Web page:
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111

A Replica-Set means that you have multiple instances of MongoDB which each mirror all the data of each other. A replica-set consists of one Master (also called "Primary") and one or more Slaves (aka Secondary). Read-operations can be served by any slave, so you can increase read-performance by adding more slaves to the replica-set (provided that your client ...


84

To restore a single database you need to provide the path to the dump directory as part of the mongorestore command line. For example: # Backup the training database mongodump --db training # Restore the training database to a new database called training2 mongorestore --db training2 dump/training The --db option for mongodump specifies the source ...


59

Easiest way to find the storage engine being used currently. Inside mongo console type db.serverStatus().storageEngine It returns the storage engine being used currently { "name" : "wiredTiger" } Once it is confirmed that wiredTiger is being used then type db.serverStatus().wiredTiger to get all the configuration details of wiredTiger.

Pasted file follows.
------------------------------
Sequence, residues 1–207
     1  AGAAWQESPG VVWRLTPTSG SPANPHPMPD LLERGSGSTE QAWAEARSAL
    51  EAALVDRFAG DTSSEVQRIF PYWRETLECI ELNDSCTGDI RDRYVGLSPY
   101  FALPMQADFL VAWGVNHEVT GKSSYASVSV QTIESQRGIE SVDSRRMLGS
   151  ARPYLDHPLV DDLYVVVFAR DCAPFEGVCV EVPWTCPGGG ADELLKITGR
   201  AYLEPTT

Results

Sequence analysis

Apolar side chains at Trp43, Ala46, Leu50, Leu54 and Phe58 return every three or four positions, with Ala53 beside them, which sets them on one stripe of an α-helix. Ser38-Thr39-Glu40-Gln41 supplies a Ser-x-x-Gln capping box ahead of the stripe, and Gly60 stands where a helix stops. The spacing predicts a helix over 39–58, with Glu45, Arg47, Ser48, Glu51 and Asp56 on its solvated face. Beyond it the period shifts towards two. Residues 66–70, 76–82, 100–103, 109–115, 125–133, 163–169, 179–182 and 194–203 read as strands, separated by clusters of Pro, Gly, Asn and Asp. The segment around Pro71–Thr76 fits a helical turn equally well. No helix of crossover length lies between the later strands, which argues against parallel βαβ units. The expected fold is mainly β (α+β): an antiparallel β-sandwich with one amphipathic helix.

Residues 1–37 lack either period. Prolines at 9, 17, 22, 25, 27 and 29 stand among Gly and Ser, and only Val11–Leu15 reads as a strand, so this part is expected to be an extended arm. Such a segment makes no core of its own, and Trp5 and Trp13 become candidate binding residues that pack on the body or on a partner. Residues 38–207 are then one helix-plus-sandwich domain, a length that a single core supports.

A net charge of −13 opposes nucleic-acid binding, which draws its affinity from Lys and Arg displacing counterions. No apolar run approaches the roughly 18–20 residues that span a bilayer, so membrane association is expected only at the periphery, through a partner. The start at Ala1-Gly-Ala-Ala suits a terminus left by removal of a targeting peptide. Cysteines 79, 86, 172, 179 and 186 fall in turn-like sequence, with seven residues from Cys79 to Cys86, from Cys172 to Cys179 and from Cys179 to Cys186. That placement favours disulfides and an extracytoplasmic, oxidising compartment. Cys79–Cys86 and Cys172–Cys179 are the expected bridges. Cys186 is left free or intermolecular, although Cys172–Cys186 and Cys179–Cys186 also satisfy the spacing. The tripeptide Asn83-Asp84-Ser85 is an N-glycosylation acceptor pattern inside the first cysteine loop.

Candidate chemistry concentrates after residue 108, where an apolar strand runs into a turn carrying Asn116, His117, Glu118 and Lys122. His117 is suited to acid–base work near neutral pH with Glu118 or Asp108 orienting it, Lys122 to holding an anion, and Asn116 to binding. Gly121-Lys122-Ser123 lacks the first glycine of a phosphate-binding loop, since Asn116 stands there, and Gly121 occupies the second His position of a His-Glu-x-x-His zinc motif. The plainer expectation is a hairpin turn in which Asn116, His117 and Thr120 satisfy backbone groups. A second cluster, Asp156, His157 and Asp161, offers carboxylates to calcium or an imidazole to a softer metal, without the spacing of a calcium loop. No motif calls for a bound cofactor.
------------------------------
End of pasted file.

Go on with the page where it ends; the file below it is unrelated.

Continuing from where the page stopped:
57

In a company I work for we are dealing with similar amount of data (around 10 TBs of realtime searchable data). We solve this with Cassandra and I would like to mention couple of ideas that will allow you to do O(1) search on a multi TBs database. This is not specific to Cassandra db though, you can use it with other db as well. Theory Shard your data. ...


47

Here are several examples of YAML configs for Linux (Windows paths and options are a little different), essentially explicitly setting some defaults and commonly used settings. First, a standalone mongod with the default port, path, journal settings - this would be the type of configuration used for local testing, with a few extras so show the general style:...


46

Add --forceTableScan Example: mongodump --forceTableScan -d database_name -o target_directory http://aug2uag.blogspot.com/2018/08/mongoexport-unrecognized-field-snapshot.html


41

If I was going to put this into SQL Server, I would suggest a table something like: CREATE TABLE tcp_traffic ( tcp_traffic_id bigint constraint PK_tcp_traffic primary key clustered IDENTITY(1,1) , tcp_flags smallint /* at most 9 bits in TCP, so use SMALLINT */ , src_as int /* Since there are less than 2 billion A.S.'s possible, use INT ...


38

If you have locked yourself out then you need to do the following: Stop your MongoDB instance Remove the --auth and/or --keyfile options from your MongoDB config to disable authentication Start the instance without authentication Edit the users as needed Restart the instance with authentication enabled